Dearest Ntate Majoro
I sincerely hope I find you well. I also hope you have settled down well in State House. I no longer see you these days at our favourite watering spring at Lancers. So, I will wait in anticipation for an invite to State House for a brief catch up over our favourite green bottled drink. I fully understand you are now extremely hectic running the affairs of state. But we cannot allow your new responsibilities to sever our friendship. In fact, we probably need each other more now in light of all the tsunamis that appear headed your way. What with all and sundry wanting a place in your cabinet and threatening to revolt if you don’t make them minister of this or that. As a good friend, I will always proffer good honest advice to you not out of self-interest but out of love for this country which I want to see succeeding.
In terms of my public work for this column, I am glad that we are still in a honeymoon period. So, this installment is not meant to attack you but to help you. In fact, I had not intended addressing you directly before the completion of your first 100 days in office (your honeymoon period). Remember what I said to you in May about any new leader’s first 100 days in office. This is usually a period to set out a leader’s clear vision, craft their plans and get them off the ground. The first 100 days are vital in determining the future course of any new leader. In fact, leaders who fail to set the tone for their tenures in the first 100 days always inexorably fail. So while I had not intended to address you directly during this crucial period to allow you to find your feet and lay the foundation for your programme of action for the betterment of our God foresaken people, I am prompted to jettison that ambition and engage you now. I just can’t resist the temptation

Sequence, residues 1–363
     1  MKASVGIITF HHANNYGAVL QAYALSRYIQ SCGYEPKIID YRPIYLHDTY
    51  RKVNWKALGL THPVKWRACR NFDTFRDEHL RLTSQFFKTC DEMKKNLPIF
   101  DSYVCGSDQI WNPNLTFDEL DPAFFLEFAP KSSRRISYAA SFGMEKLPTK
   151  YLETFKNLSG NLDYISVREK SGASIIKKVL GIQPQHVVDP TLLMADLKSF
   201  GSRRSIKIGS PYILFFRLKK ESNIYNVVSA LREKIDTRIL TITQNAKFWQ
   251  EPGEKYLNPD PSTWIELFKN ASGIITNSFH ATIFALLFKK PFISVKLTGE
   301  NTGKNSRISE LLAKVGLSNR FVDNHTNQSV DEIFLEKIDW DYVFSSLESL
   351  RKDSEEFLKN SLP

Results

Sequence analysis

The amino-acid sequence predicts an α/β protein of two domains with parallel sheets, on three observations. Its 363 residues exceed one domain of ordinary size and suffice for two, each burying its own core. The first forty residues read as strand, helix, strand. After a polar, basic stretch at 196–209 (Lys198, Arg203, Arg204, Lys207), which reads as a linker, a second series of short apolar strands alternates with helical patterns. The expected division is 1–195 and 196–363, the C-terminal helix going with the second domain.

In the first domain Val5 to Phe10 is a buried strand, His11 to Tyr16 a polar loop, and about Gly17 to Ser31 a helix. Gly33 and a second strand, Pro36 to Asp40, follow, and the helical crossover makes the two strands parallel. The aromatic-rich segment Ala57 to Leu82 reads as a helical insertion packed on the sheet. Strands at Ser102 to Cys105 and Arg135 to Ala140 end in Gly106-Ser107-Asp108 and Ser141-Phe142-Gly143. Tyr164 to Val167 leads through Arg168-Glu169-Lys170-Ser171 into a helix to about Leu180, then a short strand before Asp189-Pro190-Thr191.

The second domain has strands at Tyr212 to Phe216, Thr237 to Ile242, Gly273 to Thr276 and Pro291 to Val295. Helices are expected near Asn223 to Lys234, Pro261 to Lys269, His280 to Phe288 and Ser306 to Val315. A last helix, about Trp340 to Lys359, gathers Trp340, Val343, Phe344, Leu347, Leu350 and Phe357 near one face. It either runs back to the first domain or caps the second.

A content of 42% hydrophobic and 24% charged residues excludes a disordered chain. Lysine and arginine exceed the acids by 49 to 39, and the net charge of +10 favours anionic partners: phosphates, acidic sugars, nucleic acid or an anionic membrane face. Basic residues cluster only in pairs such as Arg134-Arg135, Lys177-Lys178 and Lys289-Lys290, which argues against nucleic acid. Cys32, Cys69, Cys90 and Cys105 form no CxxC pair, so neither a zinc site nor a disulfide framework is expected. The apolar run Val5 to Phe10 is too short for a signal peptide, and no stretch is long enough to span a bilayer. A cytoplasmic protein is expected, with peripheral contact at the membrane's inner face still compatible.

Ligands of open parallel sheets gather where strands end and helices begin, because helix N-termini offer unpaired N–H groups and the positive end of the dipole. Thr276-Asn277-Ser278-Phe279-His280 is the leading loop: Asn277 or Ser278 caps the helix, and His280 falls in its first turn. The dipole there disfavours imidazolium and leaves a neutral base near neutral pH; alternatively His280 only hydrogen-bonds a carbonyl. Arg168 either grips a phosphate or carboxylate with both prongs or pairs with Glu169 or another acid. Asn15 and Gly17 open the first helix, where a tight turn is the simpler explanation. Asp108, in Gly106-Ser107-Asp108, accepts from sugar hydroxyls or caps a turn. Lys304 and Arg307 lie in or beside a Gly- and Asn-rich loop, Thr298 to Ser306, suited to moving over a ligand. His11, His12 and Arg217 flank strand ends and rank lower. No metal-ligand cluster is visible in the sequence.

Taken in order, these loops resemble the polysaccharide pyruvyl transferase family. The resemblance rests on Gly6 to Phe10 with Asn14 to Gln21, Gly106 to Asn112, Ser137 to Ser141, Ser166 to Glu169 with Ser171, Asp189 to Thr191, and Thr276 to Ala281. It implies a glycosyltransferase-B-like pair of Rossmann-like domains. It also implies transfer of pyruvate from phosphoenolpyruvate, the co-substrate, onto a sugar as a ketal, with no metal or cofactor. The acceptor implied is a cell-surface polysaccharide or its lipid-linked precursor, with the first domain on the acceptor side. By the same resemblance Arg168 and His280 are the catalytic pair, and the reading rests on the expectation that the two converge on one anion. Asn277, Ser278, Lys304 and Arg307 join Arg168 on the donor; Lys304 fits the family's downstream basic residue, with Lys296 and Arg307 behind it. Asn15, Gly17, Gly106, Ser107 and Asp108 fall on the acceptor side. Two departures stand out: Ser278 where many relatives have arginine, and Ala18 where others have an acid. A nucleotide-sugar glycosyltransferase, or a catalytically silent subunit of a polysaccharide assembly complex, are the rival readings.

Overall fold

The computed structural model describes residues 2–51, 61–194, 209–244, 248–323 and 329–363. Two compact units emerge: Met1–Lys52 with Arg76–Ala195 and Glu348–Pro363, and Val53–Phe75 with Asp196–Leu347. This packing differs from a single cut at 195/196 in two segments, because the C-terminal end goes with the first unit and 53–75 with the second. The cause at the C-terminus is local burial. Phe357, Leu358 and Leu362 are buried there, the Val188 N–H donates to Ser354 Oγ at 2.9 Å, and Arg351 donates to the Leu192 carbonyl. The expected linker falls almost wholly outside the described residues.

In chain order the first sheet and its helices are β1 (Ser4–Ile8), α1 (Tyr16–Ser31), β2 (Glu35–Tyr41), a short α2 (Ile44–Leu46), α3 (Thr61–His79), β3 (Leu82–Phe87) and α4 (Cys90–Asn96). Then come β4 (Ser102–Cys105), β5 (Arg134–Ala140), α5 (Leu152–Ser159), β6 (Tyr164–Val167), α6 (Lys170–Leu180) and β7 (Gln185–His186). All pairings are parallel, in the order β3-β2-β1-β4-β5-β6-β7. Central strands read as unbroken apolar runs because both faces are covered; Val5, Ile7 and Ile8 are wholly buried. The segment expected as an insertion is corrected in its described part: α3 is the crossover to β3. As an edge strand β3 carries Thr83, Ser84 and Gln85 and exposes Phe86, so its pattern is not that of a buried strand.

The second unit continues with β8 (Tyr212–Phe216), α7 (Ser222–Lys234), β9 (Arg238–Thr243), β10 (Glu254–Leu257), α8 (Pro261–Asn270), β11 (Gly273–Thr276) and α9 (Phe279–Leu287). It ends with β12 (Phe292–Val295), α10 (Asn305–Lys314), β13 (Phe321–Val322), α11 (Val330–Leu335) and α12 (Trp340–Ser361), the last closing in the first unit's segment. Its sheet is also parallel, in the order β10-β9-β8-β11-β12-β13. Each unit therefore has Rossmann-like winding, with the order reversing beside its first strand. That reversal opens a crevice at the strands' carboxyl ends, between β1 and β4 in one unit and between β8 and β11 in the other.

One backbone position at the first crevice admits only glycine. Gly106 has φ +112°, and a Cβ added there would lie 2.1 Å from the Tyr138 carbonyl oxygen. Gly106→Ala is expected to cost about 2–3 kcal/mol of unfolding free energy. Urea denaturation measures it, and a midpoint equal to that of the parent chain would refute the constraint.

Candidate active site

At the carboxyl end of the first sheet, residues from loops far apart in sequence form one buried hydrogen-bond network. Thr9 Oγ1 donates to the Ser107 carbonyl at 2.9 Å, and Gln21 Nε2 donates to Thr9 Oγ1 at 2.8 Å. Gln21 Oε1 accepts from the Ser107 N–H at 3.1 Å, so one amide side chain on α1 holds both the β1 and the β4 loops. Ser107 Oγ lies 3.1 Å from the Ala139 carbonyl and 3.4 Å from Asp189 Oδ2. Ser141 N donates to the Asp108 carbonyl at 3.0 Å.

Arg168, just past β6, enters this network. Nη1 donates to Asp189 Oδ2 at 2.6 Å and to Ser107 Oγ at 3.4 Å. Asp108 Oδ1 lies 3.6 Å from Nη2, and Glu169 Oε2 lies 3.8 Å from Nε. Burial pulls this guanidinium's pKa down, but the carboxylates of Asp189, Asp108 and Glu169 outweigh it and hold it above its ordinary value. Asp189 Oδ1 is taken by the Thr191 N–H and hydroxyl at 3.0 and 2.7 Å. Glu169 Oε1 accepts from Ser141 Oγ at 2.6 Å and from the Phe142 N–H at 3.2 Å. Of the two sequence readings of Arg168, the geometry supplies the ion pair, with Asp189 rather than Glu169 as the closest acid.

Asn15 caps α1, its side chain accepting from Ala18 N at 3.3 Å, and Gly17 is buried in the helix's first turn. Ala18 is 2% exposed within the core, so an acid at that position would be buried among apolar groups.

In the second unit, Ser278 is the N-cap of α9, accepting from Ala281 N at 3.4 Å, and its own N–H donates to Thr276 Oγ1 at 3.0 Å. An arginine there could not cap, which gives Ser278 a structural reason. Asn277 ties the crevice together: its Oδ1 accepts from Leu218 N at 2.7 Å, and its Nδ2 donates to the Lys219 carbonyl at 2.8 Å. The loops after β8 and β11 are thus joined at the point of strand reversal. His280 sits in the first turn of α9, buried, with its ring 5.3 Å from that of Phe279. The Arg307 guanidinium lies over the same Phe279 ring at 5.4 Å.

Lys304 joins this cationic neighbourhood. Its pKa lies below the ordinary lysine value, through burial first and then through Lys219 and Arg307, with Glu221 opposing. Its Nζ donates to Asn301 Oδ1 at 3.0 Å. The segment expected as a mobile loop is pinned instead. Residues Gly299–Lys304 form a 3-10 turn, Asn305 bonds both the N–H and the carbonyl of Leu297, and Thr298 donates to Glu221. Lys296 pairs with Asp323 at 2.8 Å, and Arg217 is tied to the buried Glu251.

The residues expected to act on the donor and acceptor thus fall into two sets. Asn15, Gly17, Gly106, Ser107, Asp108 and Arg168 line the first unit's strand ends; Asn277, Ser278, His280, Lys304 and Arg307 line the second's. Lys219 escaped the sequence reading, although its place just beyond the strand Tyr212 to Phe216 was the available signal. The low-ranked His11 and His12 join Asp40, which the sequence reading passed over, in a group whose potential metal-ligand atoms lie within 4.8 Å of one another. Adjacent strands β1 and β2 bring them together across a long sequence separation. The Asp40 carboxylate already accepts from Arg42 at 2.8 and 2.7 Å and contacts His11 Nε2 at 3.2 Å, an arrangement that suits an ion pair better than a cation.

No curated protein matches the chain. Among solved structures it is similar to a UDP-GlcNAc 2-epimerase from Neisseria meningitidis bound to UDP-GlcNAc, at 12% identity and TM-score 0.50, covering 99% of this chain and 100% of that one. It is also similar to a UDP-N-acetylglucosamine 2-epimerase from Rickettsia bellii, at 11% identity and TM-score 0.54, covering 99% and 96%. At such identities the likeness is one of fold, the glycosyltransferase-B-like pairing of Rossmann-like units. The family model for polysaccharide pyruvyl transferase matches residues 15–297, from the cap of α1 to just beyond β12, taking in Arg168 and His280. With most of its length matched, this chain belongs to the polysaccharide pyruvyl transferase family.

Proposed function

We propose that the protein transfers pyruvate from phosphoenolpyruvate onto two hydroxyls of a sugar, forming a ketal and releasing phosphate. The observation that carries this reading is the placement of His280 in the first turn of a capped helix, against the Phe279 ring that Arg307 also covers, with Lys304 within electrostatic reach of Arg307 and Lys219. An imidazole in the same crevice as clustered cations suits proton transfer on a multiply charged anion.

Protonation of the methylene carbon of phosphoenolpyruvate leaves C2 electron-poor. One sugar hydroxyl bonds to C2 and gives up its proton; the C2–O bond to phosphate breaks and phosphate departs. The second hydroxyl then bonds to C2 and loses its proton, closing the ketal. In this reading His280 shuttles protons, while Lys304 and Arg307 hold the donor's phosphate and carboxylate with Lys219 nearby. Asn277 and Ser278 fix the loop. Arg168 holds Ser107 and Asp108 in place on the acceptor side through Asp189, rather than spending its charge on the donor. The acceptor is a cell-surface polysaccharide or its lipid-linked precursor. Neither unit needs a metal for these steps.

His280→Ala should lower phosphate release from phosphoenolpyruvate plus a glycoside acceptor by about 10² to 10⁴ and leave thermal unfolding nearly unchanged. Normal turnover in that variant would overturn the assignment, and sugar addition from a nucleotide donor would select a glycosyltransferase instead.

And since I have no hope of bumping into you at Lancers for a private chat, I have no option but to reach out to you via this column.
I am deeply worried by a few startling things that you have done since you took office. The sooner your address these the better. Before I go into detail, let me reiterate that I want you to succeed. As I have argued before and as I will repeat now, you represent the great hope for Lesotho. You and Mathibeli Mokhothu are a perfect match, not least because you are immensely beautiful people. One would be forgiven for confusing you to FMH models instead of politicians.
To get to my point, let’s go back to the day of your inauguration on 20 May 2020. This was your day. This was the perfect day for you to shine. Never mind that you did not wear a face mask despite being in the proximity of our beloved King, who wore won. I forgave you for missing out on your face mask because this was your important day. All and sundry from Lesotho’s quaint diplomatic sector were present. The rest of the world was watching you. The new sheriff had just landed in town. Everyone wanted to hear what the new sheriff had to say. The bad publicity the country had earned — thanks to Ntate Motsoahae and Lady Dee’s shenanigans had made this event the more important. All and sundry were anxious to hear how the new sheriff would stop the country from careering towards a cliff.
In any event, the occasion of the swearing in of a new leader is always auspicious.